Technical background document
1.1 The World Food Conference of 1974 was held in the very year that world market prices of cereals had reached a peak following the hefty increases of the year before. Three years later, world prices had fallen to below the levels of 1970, and indeed they were lower than at any year after 1950.
1.2 The widespread fear expressed at the time, that the world had entered a new era in which the growth of production would find it difficult to keep up with the growth of demand at non-increasing prices, proved to be unfounded. Indeed, the early 1970s ushered in an era of further declines in world food prices. It may be said that the world food problem reverted to being recognized for what it has always been: failure of effective demand on the part of people with inadequate nutrition to grow by as much as is required to raise their consumption to levels compatible with the elimination of food insecurity and undernutrition. In other words, developments in the post-World Food Conference years demonstrated that the world as a whole had the potential, if demand had grown faster, to increase production (at non-increasing prices) even faster than it actually did.
1.3 These developments put to rest, at least temporarily, the neo-Malthusian interpretation that world production could not grow fast enough to meet the effective demand for food of a growing global population. The notion that the world food problem was not one of production but instead one of demand and/or distribution gained currency. However, this notion confounds rather than clarifies and it can lead to error concerning what are appropriate policy responses. This is so because it is based on the paradigm of advanced societies, in which there is a fairly clear separation between demand and supply of food. In these societies, the great bulk of the demand for food is generated by people earning their incomes in activities other than food production. Farmers and their incomes account for only a minuscule proportion of total demand for food and access to imported food is not a problem. In such circumstances, it is proper to think that any existing food security problems have their roots in the inadequate growth of demand and are not problems of production. The situation is different in the majority of the low-income countries, where the bulk of the population depends on agriculture and there is no clear-cut separation between demand and supply of food. In such cases, inadequate growth of demand reflects that of incomes of most of the population whose very incomes depend on the growth of agriculture itself. Given that the food insecurity problem is concentrated in these countries, it is proper to speak of it as being a problem of production, even if world markets fail to express it in the form of rising prices.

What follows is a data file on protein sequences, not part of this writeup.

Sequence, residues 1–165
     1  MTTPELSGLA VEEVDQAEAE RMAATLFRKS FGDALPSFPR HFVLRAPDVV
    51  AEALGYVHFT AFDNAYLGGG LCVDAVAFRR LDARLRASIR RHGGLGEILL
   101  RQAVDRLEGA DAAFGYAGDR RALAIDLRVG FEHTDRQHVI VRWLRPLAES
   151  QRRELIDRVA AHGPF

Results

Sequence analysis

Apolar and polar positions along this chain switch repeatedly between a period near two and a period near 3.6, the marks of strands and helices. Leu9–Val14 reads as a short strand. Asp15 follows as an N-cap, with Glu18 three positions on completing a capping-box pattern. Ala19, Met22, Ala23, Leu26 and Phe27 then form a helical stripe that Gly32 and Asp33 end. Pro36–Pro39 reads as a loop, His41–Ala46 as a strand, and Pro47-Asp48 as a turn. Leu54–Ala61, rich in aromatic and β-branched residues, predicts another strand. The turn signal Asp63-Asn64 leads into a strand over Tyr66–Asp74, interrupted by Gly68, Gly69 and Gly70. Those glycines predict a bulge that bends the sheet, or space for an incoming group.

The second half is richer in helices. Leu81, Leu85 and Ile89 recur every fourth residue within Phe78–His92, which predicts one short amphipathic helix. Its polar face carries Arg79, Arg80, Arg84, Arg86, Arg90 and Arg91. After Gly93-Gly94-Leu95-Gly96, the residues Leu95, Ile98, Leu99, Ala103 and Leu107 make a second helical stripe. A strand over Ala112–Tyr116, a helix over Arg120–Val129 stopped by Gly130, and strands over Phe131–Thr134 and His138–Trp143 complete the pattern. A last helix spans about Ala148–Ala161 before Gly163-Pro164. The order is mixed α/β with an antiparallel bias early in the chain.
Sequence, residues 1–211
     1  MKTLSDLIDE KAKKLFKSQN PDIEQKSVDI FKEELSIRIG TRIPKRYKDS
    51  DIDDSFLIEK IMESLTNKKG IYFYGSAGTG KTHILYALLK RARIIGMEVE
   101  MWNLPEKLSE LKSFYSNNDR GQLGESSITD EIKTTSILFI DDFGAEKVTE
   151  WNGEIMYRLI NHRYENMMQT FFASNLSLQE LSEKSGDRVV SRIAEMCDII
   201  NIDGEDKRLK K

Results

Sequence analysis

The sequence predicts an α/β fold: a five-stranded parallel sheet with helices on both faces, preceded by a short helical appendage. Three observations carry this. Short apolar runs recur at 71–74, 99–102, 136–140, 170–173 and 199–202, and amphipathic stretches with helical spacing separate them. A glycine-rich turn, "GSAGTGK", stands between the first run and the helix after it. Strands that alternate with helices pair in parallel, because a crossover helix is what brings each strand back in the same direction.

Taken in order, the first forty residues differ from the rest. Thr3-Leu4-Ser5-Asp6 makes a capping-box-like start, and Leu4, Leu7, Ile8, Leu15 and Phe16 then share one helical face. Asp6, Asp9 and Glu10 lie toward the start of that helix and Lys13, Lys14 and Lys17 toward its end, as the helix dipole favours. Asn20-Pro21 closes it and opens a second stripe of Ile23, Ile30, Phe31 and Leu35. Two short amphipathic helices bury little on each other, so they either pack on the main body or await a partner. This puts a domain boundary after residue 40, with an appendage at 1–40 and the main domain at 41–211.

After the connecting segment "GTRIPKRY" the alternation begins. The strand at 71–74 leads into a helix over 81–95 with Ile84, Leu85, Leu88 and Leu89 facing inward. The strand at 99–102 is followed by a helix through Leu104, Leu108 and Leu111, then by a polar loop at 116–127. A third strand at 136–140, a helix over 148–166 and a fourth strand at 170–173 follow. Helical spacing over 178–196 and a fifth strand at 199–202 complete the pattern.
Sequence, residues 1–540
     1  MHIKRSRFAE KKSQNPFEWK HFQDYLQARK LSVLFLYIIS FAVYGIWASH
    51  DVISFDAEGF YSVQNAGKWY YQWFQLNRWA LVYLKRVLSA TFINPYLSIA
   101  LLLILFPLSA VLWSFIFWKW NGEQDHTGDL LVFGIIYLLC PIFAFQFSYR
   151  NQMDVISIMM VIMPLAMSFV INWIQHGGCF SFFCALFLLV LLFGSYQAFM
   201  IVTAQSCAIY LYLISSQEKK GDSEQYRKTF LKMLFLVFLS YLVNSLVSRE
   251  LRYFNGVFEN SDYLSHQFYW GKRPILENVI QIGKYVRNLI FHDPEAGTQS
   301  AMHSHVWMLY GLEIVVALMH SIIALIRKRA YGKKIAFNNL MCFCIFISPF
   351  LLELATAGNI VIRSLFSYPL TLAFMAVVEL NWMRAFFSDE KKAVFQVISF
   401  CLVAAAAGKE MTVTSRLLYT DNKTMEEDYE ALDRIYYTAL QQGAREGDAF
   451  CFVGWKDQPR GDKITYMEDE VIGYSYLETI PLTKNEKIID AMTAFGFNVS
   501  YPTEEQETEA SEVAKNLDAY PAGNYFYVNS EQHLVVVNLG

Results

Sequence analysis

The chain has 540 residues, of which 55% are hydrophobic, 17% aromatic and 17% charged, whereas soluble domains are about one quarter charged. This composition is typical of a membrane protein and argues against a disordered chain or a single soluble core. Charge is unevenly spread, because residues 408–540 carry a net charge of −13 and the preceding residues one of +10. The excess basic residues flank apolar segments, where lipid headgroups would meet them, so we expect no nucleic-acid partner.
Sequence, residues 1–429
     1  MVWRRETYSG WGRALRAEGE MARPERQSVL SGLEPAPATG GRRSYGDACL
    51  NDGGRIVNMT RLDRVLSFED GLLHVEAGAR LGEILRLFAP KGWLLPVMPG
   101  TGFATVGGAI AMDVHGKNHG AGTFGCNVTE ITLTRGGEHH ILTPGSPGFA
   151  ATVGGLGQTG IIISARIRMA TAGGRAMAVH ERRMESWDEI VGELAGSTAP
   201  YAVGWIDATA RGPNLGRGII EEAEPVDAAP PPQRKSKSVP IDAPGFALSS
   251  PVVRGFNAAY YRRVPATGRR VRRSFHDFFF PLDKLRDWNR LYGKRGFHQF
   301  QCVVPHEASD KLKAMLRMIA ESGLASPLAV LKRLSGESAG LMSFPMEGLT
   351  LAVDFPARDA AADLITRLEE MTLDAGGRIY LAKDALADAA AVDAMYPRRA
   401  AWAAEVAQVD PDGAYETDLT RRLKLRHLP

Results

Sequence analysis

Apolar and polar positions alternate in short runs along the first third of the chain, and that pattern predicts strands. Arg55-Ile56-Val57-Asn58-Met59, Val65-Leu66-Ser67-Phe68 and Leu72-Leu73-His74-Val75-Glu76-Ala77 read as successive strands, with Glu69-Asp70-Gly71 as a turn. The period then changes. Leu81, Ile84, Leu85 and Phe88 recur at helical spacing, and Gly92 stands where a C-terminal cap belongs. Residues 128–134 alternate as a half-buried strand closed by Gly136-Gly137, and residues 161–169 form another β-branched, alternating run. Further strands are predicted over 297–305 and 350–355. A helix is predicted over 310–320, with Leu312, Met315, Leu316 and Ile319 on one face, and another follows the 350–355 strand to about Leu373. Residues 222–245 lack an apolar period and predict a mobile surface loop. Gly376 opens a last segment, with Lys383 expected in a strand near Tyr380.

1.4 In conclusion, as long as the essence of the world food problem is the high incidence of food insecurity and undernutrition precisely in the countries with low per caput food supplies and high dependence on agriculture, there can be no appropriate policy responses to it that do not include a hefty dose of measures to improve agricultural and rural development in order to increase both demand and the supply of food in those very countries, at least not at this stage of their development. An idea of the countries that combine these characteristics, i.e. those that have a high share of the rural population in the total population and low levels of per caput food supplies, can be had from the data in Table 4. Countries in this class are generally those in the upper left quadrant of the table.